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Country: United States
City: Lubbock, Tex.
Issues of this title available in Elephind: 362
Items (articles and/or pages) from this title available in Elephind: 5,614
Earliest Date: 11 November 1909
Latest Date: 31 October 1922
Attorney John J. Dillard and speculator Thad Tubbs started the Lubbock Avalanche on May 4, 1900, with two main goals: to encourage the settlement and modernization of Lubbock, a town of fewer than 300 residents, and “to surprise the people--to sweep them off their feet.” The paper was an instant success, selling all 40 initial hand-pressed copies. By 1910, when Lubbock boasted nearly 1,900 residents, the Avalanche dominated the Lubbock County news market; the paper reported 1,750 subscribers and claimed to circulate throughout the United States as well as the South Texas Plains.
The Avalanche underwent several publication changes during its early years. Although Tubbs quickly left the partnership, Dillard issued the Avalanche as a Thursday weekly until 1908, when James L. Dow purchased the paper. In 1909, the Avalanche officially displayed the longer version of its title, the Lubbock Avalanche, in its masthead. Semi-weekly circulation began in 1918, with Dow publishing the first daily edition of the paper, the afternoon Lubbock Daily Avalanche, in October 1922. The following year, the paper adopted a morning format and was named the Lubbock Morning Avalanche. In 1926, the Avalanche consolidated with the Lubbock Daily Journal and its weekly, the Lubbock Plains Journal. Except for the Sunday Avalanche-Journal, the Avalanche and the Journal maintained separate names and publication schedules until 1959, when they became the morning and evening Lubbock Avalanche-Journal, respectively.
From its inception, the Avalanche formed a cornerstone of Lubbock’s civic affairs. Dillard was instrumental in bringing railway service to Lubbock, promoting the benefits of incorporation, and publicizing Lubbock County’s businesses and fertile soil. A fierce advocate for West Texas, James Dow continued to tout the region, frequently ending articles with the refrain, “Come to Lubbock.” Editorials supported a wide range of civic improvements including the development of a fire department, modernized infrastructure, and improved schools. Although Dow urged readers to “Get acquainted with new ideas, new viewpoints, new angles of vision--new people,” he displayed a marked conservatism in his attitudes towards blacks and women. Aside from his support for the Woman’s Christian Temperance Union, Dow criticized women’s involvement in Lubbock’s newly organized social clubs.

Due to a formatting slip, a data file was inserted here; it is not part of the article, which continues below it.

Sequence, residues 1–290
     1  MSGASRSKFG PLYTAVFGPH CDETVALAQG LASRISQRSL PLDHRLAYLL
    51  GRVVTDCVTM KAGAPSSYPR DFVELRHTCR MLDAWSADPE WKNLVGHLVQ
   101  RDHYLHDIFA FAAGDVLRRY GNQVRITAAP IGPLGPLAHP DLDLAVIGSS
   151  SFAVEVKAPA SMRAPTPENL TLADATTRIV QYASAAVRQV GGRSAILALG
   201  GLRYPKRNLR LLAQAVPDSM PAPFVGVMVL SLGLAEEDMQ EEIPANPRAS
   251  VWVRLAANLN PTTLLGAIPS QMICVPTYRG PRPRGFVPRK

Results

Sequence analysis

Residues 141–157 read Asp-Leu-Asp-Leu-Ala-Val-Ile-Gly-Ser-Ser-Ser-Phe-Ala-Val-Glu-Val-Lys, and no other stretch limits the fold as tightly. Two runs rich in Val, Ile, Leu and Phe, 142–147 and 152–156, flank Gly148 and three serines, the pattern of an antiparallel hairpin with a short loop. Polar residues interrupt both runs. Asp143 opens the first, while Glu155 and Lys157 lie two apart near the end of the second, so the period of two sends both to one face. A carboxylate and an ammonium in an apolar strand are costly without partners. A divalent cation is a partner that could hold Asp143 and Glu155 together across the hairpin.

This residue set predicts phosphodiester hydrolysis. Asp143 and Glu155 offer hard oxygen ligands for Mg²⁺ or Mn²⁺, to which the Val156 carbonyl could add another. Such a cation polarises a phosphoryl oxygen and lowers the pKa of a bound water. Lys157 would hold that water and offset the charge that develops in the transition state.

Although the Avalanche printed national and international news, the paper’s true focus lay on Lubbock and the South Texas Plains. The Avalanche catered to the area’s cotton and poultry farmers, printing tips for silo construction and crop rotation as well as providing an ongoing legal-advice column geared towards farmers. Other established columns included “Church Notes,” “Society Items,” “Neighboring County News,” and “International Sunday School Lesson,” a syndicated column from Chicago’s Moody Bible Institute.
The year 1931 marked the beginning of an influential partnership between editor-publisher Charles A. Guy and general manager Parker F. Prouty. From 1931 to 1972, the two men shared what subsequent editor Burle Pettit described as “a great sense of where Lubbock was, where it needed to be and what it was going to take to get it there.” For 45 years, Guy also authored “The Plainsman,” a popular daily column with commentary on local and national events.
The Avalanche-Journal, known locally as “The A-J,” has received several honors in the recent past, including designation in 2011 as “Newspaper of the Year” and “Best Online Newspaper” by the Texas Associated Press. The Avalanche-Journal remains in publication.
Provided by: University of North Texas; Denton, TX